Yeah, it is kind of weird. Especially since, at one point, both Al Gordon, whose idea it really was to start this book up, and Erik Larsen, who’s the publisher of Image currently, one of the things they both agreed on is that I put in EVERY SINGLE Dateline strip I ever did. And…there were some really bad ones!
There are! When I was starting to lose interest in the mid-’80s, and at one point I decided, I don’t have to use my regular rapidograph. I can just use a Flair pen. “That’ll look spontaneous.” No, it’ll look like crap! They’re in there. Hopefully, they are only about a dozen or so really awful pages out of about 900. It’s the law of averages. And there’s the mediocre pages – just a couple.
Now, there was some confusion about the nature of the book. Some people seemed to think there would be no Marvel or DC characters in the anthology. Let’s dissuade people about THAT.
They’ll be PLENTY of DC and Marvel characters in there because those are the characters I used in almost all my early fanzine material that I did in the Buyers’ Guide. It’s just that the material that was published BY Marvel and DC that I did, THAT won’t be in there.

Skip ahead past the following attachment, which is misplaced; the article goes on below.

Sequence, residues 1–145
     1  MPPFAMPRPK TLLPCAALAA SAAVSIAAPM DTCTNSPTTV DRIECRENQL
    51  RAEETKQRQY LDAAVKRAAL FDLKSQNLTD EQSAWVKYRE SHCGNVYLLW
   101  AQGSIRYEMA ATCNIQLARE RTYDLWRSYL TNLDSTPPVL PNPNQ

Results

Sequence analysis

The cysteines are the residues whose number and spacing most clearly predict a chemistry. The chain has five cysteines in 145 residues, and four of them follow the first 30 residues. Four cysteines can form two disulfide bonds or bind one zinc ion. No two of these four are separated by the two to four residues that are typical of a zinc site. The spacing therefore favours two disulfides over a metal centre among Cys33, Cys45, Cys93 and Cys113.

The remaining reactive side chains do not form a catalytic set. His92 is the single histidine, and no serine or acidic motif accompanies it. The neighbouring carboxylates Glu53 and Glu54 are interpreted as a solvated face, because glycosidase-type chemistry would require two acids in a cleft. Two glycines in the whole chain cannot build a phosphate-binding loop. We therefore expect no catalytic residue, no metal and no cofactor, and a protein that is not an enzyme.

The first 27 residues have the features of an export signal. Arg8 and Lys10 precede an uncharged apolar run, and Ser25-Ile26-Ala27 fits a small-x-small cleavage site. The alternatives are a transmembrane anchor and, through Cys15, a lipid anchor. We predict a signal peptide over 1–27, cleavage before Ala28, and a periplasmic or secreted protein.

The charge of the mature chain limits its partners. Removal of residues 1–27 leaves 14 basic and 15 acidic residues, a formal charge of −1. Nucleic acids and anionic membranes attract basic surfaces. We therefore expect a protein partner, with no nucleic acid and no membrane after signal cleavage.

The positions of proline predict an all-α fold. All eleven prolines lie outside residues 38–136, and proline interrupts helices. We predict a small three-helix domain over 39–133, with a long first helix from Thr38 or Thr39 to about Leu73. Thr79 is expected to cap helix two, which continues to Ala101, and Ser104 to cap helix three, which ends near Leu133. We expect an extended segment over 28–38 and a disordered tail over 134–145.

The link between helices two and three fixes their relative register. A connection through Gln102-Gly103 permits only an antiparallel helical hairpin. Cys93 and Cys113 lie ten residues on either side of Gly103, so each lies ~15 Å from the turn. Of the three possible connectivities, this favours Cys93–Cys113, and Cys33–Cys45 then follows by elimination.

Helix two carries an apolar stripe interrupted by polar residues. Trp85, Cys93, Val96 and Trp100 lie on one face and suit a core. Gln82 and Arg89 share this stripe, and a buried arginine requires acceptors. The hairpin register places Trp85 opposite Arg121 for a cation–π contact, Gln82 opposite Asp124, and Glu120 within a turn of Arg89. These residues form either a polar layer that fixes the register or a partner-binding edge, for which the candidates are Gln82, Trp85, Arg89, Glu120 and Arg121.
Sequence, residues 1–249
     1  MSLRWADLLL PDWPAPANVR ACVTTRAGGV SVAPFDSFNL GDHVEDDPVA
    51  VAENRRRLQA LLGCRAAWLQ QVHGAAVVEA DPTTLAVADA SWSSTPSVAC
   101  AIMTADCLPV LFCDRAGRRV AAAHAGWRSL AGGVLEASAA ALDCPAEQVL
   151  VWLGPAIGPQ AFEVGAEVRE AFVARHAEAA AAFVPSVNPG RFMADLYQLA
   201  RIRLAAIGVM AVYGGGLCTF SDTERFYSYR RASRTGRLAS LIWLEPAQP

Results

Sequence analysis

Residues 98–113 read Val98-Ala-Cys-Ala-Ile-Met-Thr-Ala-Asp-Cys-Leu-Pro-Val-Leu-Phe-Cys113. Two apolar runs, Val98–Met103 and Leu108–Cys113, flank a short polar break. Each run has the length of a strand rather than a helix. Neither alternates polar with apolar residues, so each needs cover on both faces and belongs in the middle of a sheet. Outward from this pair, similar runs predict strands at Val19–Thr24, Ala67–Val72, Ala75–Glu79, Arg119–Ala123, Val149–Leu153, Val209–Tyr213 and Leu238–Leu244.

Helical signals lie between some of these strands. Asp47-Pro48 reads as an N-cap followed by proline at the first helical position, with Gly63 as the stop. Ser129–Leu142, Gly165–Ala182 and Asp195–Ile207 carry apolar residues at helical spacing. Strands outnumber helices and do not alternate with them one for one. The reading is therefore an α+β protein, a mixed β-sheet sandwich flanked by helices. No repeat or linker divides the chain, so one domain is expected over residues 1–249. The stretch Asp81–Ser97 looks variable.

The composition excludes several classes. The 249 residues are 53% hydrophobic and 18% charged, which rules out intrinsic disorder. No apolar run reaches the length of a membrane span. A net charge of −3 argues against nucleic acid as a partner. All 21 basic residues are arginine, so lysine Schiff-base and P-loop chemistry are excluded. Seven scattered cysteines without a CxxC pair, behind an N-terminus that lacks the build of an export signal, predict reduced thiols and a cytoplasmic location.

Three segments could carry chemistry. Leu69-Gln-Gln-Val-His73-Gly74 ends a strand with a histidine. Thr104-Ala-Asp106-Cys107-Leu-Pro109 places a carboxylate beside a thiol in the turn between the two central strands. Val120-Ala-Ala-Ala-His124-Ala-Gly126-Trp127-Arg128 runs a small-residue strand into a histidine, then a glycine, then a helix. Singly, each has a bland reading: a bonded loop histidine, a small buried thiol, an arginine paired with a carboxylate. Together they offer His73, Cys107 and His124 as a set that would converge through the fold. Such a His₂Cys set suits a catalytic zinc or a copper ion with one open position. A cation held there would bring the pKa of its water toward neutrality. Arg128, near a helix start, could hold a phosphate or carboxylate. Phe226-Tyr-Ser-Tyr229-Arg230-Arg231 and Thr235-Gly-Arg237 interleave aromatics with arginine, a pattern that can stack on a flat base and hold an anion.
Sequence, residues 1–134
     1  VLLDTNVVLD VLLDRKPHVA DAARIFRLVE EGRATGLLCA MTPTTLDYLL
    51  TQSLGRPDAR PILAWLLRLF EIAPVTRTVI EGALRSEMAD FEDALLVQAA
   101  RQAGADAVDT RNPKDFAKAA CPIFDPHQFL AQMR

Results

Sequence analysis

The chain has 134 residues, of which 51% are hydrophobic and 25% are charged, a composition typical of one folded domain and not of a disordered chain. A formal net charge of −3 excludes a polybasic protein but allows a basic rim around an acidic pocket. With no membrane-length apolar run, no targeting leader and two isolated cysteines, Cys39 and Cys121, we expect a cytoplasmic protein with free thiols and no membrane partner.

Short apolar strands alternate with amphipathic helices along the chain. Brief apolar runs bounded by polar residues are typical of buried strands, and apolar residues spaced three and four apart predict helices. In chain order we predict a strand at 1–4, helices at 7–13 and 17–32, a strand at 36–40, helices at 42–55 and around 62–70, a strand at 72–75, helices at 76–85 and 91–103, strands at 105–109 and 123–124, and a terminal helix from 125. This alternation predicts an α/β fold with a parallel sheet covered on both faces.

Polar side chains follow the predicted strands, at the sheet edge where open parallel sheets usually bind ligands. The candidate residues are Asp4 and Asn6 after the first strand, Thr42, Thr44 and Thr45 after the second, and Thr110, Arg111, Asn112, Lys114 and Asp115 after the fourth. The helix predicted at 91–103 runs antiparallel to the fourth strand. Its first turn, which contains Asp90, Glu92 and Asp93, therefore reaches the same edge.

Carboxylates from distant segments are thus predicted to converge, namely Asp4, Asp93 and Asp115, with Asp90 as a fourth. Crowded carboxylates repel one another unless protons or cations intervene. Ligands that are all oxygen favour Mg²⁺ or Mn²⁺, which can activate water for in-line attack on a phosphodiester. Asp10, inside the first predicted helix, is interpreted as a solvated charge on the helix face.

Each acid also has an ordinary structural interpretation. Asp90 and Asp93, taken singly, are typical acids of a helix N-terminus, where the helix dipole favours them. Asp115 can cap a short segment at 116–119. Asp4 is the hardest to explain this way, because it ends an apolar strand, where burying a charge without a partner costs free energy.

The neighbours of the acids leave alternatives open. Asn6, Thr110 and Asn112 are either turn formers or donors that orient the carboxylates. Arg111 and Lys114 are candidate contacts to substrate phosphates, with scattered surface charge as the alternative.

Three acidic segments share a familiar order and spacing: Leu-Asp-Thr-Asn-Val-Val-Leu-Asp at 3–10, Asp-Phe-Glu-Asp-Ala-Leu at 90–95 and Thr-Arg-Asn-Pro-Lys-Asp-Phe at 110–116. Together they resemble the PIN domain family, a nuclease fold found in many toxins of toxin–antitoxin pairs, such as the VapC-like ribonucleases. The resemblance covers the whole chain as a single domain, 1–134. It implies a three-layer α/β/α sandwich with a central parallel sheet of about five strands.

There will be no Daily Planet stuff, no Marvel Age or you roasting the Fantastic Four or destroying the Marvel universe.
No, none of that. To tell you the truth, there is a half page from Marvel Age in there. And that’s only because I thought it was from another magazine when I put it together. But it’s from Marvel Age. It’s a strip called Little Freddy, which not the one I wound up doing years later, but it’s just my character, so I think I can get away with that.